Pascal Derrien

3 years ago · 4 min. reading time · visibility ~100 ·

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Touching The Void: Le Chant Des Marais

Touching The Void: Le Chant Des Marais


I have moved quite a lot in my life, especially in the first part of it, clocking one to three schools per year on average and as many caravans, mobile homes, flats or apartments until the age of 16. The good thing with this nomadic lifestyle is that it has forced me to be quite ruthless over the years in terms of keeping or discarding belongings.

We are now in the process of converting our attic into an adult bedroom in our family home with a view to get me a small desk for my musings and a walking wardrobe for my other half. This not a move but it almost feels like one.  
To do that I have to get rid of quite a lot of bits and pieces that have been accumulated since our previous move 10 years ago or so. 

A lot of stuff has already found its way to charity shops, more junk have landed on a rubbish skip while the rest has to be triaged for storing. Its been a pretty heavy duty process I must say but it has come with some blessings too. Old photos have resufaced, toddler toys and kids clothes have re-emerged from hidden boxes reminding us how small our not so little guys once were. To be honest the whole experience has provided a few welcomed rides back to memory lane.

As far as I am concerned there aren't too many things that I have kept from my early childhood or teenage years even. That said I was glad to see an old and cherished French version of an Aristocats Disney book being if not pristine still intact and in good reading condition. I was also very happy to go thru a few old schools books and show my beautiful stamps collection to my kids.

I was also taken aback at times, for example I unexpectedly bumped into an old book belonging to my mum and with that what a surprise to discover four small notepads full of (bad) urban poetry that I had written in the 90's. In the book itself, a manuscript called ''Qu'elle etait verte my vallee'' by Richard Llewellyn, not that this is really significant, the important bit is that there was a small sheet with a hand written version of the Chant Des Marais inserted in it as a book mark. Almost straight away, as soon as I read the first verse the melody found its way back thru my brain at the speed of a boomerang .

The song was composed in the concentration camp of Börgermoormis in Lower Saxony. Originally set up in 1933 by the Nazis, the camp primary function was to home political opponents of the time. Situated in a very hostile environment the prisoners held in Börgermoormis were used as cheap labour and performed various heavy duties around the camp. The site was initially managed by the S.A but when the latter were dismissed the S.S took over.

The guards were ruthless and the conditions in the camp were barbaric, adding insult to injury the captives were expected to sing when going to work. Jumping at the opportunity to produce a passive resistance manifesto, a prisoner named Johann Esser wrote poignant lyrics that were supplemented by a music written by another political inmate called Rudi Goguel. The original title was  « Moorsoldatenlied » which can be translated as the song of ''The peat bog soldiers'', it is also known as ''the song of the deported''.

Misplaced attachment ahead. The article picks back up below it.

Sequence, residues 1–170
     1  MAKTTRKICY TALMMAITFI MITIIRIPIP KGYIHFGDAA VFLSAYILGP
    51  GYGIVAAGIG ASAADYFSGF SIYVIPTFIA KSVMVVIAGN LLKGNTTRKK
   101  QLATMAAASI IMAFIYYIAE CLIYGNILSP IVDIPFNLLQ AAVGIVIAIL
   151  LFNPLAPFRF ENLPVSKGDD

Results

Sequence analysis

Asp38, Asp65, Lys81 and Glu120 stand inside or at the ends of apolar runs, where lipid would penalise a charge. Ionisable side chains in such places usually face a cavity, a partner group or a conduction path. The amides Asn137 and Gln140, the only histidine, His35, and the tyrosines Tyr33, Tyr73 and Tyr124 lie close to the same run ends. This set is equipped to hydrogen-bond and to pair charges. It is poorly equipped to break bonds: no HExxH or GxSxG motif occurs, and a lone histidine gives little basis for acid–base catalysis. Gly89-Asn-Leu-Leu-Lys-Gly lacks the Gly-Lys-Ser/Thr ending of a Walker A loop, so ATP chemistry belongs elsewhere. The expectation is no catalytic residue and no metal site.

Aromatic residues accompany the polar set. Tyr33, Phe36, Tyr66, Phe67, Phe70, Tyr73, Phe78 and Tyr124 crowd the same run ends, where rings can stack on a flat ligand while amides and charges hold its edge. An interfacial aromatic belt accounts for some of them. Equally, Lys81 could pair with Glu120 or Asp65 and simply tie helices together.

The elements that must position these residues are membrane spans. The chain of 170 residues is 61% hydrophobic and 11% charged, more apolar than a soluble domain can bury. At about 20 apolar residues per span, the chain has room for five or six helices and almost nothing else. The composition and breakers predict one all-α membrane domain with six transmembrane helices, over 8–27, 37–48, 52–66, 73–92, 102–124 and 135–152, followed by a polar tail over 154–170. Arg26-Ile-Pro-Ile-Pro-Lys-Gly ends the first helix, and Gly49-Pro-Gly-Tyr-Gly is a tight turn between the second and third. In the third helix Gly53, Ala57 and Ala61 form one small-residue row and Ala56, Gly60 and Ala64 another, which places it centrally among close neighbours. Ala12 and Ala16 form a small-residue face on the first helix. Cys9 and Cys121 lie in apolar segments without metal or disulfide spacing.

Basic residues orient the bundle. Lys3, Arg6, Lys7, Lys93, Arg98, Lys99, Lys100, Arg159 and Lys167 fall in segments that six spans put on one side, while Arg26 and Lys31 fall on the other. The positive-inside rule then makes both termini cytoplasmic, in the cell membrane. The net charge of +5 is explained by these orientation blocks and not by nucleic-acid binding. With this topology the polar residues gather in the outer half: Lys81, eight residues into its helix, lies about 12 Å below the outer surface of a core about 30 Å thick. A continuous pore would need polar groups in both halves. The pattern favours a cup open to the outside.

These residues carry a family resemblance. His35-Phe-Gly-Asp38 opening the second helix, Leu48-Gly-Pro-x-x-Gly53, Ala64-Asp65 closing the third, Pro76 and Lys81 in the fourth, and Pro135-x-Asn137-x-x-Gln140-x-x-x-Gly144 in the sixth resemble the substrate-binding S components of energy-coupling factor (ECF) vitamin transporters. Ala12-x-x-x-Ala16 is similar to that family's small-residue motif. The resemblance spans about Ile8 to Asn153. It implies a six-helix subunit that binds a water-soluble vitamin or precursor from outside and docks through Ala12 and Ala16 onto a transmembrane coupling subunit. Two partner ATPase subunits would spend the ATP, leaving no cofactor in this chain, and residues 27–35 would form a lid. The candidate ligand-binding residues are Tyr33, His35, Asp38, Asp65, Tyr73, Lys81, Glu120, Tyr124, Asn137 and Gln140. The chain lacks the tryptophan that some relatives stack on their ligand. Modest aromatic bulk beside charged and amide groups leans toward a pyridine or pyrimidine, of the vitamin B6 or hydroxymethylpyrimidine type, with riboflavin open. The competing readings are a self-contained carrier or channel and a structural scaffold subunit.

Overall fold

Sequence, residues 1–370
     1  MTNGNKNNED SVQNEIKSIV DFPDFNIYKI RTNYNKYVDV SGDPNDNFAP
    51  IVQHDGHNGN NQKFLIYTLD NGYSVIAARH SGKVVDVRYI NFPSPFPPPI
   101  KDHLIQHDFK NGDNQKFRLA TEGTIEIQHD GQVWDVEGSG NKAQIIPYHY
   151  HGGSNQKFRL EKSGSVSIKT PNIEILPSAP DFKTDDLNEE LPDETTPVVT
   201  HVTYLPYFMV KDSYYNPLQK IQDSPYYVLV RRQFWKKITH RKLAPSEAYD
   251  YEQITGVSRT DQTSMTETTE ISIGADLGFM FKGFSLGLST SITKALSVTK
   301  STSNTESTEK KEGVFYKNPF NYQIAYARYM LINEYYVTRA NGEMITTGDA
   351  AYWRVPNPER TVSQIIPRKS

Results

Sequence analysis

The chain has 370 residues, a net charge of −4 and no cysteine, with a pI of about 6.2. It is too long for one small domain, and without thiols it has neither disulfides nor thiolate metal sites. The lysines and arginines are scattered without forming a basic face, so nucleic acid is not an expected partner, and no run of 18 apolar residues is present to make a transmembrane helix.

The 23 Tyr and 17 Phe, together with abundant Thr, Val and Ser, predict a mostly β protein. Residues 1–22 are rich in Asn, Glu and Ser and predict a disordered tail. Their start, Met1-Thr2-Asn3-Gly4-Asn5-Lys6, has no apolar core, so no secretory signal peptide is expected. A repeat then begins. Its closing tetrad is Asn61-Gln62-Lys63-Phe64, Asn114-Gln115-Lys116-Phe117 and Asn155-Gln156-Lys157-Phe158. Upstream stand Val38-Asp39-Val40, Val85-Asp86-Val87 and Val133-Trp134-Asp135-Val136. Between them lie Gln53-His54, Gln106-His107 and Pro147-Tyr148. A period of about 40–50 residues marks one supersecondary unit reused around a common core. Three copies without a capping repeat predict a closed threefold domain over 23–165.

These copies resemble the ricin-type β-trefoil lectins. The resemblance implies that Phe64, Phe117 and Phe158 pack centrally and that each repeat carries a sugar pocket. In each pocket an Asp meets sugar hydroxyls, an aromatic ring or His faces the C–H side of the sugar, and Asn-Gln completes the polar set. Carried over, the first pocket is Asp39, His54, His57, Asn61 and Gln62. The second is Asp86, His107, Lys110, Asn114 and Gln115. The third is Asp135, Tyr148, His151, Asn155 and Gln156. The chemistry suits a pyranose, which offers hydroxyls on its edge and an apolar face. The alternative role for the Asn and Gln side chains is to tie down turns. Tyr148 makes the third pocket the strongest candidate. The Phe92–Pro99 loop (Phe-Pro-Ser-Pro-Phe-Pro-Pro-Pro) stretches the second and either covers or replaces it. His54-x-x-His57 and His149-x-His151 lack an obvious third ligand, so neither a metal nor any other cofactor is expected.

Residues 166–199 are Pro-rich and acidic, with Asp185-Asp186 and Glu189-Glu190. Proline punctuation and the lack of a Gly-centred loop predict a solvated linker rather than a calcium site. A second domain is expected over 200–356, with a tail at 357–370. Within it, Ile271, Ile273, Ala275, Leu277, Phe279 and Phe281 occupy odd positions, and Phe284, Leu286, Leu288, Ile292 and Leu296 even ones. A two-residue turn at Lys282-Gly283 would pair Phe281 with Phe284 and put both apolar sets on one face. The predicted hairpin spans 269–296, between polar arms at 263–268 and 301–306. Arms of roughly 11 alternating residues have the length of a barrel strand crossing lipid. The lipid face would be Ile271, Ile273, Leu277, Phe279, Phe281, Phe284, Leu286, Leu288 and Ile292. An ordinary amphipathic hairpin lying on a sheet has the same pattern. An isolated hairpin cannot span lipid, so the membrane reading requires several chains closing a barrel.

Lettre a un Inconnu

Mes yeux sont loin de moi
Mon regard est souvent perdu

Parfois je crois meme que je ne m'entends plus
Mon regard est si lourd et sourd de malentendus

Je sais qu'un jour viendra le temps du vecu
Les geoliers si peu necessaire veulent faire de moi un reclus
Moi a leur politique, a leur commissaire j'exprimerais bien plus que mon refus

Pascal Derrien -1994-

It took two weeks apparently to create the song from start to finish and it was sang for the first time on the 27th of August 1933 as part of the ‘Circus Konzentrazani.’  According to Goguel, ''sixteen singers, mostly members of the Solinger Worker’s Singing Club, marched into an arena with their prison outfits and their spades on their shoulders.''  

They started singing and by the second verse it is said almost all of the 1,000 prisoners were singing along to the refrain.  With every verse, the refrain apparently grew stronger and by the final verse even some of the SS sentinels were singing. 

Unverified records mentioned that the sixteen singers stuck their spades in the sand and marched out of the arena leaving their spades behind.

The ‘Börgermoorlied’ (Song of Börgermoor),  is not the only one but one of the most famous songs to have been created within a concentration camp: it is by far the most well known of all of them.In its English version it became known as the ‘Song of the Peat Bog Soldiers’ and in French it has acquired a symbolic notoriety under the title ‘Le Chant des Marais’. The song was also commonly sung as a Republican anthem throughout the Spanish Civil War, personally the first time I heard it was at a military parade by the French Foreign Legion.

Never before a song had produced such a tangible and palpable impact on me. It was almost like a modern blues but something that was far more and utterly visceral. Was it the monotonous rhythm or the lyrics evoking despair that struck me, I don't know. Boosted by a chorus celebrating a state of nothingness I asked myself how come human hearts had the ability to hibernate for so long.




English Version

Wherever the eye may wander,
Al around only moor and heath
No singing of the birds to raise our spirits,
Oak trees stand bleak and crooked.
We are the peat bog soldiers

And travel spade in hand
Into the moor!
Here in this bleak heath
The camp was built,
Far from any joy
We lie hidden away behind barbed wire.